Cycling the GDMBR (continued)

Dale Campbell - Bent Fork Chronicles Editor

Geographically this region is as remote as any place in the continental United States. Mesas, cliff lines, volcanic formations, and mountain ranges that seem to pop right out of the desert floor are major visual features of this area. Many different cactus and grass varieties somehow provide habitat for small rodents, snakes, and lizards. … This area is both historically and anthropologically dominated by the rich Native American and southwestern Spanish culture. Coming down the east side of the Gila Wilderness is a welcome relief, with water once again available as you head into Silver City, New Mexico, a place noted for learning about Anasazi culture with the Gila Cliff Dwellings National Monument north of town and a good museum at the local university. From there it is a sprint south (mostly on pavement) to the border crossing, which consists of one building on the border and nothing else for miles and miles.” (http://www.adventurecycling.org/routes/greatdivide.cfm?pg=more )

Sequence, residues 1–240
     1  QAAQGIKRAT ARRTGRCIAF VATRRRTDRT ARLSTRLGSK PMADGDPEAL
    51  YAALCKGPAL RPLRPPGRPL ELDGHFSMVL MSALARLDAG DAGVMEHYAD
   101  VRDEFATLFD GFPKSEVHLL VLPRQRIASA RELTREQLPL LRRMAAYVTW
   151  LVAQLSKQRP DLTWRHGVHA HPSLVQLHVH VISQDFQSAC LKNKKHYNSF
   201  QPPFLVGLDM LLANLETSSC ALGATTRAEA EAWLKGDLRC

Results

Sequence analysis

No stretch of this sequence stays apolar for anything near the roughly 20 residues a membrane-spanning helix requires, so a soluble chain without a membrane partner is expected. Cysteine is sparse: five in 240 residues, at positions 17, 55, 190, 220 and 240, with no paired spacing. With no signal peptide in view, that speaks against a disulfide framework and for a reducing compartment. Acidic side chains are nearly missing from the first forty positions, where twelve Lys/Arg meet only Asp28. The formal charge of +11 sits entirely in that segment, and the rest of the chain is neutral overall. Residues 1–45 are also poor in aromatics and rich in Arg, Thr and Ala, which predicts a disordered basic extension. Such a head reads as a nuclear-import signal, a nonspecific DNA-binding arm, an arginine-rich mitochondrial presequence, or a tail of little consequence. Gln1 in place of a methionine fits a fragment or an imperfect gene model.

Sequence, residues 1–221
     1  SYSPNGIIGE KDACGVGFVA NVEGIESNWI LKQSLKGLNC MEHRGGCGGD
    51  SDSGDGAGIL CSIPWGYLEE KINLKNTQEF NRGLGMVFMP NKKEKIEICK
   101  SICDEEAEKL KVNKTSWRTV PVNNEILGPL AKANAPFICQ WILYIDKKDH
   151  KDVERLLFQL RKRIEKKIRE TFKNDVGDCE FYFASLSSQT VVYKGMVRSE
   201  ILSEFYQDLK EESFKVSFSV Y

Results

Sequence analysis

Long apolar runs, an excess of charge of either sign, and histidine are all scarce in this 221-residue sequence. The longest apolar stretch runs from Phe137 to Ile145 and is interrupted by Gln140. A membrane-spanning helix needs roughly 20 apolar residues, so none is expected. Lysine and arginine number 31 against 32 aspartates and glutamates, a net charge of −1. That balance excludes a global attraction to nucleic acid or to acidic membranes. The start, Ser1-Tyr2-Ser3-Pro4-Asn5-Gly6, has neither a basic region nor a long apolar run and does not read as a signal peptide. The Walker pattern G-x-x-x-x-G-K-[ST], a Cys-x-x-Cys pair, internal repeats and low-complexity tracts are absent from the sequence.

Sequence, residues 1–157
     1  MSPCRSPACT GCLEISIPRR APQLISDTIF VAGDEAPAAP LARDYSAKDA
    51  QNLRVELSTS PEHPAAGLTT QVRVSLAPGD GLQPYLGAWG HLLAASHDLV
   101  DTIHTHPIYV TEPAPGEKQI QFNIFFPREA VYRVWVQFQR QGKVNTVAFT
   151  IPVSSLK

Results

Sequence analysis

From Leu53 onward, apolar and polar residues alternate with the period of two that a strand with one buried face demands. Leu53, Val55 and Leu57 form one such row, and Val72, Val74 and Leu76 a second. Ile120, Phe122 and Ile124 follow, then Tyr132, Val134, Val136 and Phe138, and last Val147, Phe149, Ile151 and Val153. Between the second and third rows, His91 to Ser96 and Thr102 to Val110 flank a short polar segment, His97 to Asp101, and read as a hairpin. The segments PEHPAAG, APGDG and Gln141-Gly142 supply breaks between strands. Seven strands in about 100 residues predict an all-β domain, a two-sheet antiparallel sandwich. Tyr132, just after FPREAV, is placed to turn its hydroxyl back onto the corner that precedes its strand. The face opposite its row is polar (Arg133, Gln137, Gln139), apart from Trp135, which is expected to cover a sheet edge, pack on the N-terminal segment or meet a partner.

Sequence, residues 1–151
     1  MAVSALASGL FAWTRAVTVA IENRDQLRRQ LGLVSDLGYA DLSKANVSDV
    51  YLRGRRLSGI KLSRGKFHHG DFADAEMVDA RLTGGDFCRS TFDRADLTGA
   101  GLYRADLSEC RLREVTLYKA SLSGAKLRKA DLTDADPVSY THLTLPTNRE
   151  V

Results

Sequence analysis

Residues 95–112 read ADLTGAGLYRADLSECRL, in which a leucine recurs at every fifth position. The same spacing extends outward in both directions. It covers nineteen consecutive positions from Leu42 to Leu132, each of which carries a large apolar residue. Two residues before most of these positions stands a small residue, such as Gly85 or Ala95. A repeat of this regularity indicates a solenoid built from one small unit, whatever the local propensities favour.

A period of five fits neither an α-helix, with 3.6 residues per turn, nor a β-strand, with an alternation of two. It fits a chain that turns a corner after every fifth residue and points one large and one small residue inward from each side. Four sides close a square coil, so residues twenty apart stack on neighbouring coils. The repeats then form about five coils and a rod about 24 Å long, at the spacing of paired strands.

Want to read about a firsthand experience with segments of the GDMBT in New Mexico or Colorado? Check out the photos and descriptions that Dennis and Terry have posted on their website for Bike Stories 25, 27, 29, 31 or 33, to name just a few GDMBT segments they’ve covered. The URL for their adventures is http://www.struck.us/BikePics . By the way, in 2010, National Geographic listed riding the GDMBR as number one of its top fifty best American adventures. Which segment are you going to ride?
 

BFC April 2011 Issue - Vol 4 Issue 2, 1 April 2011

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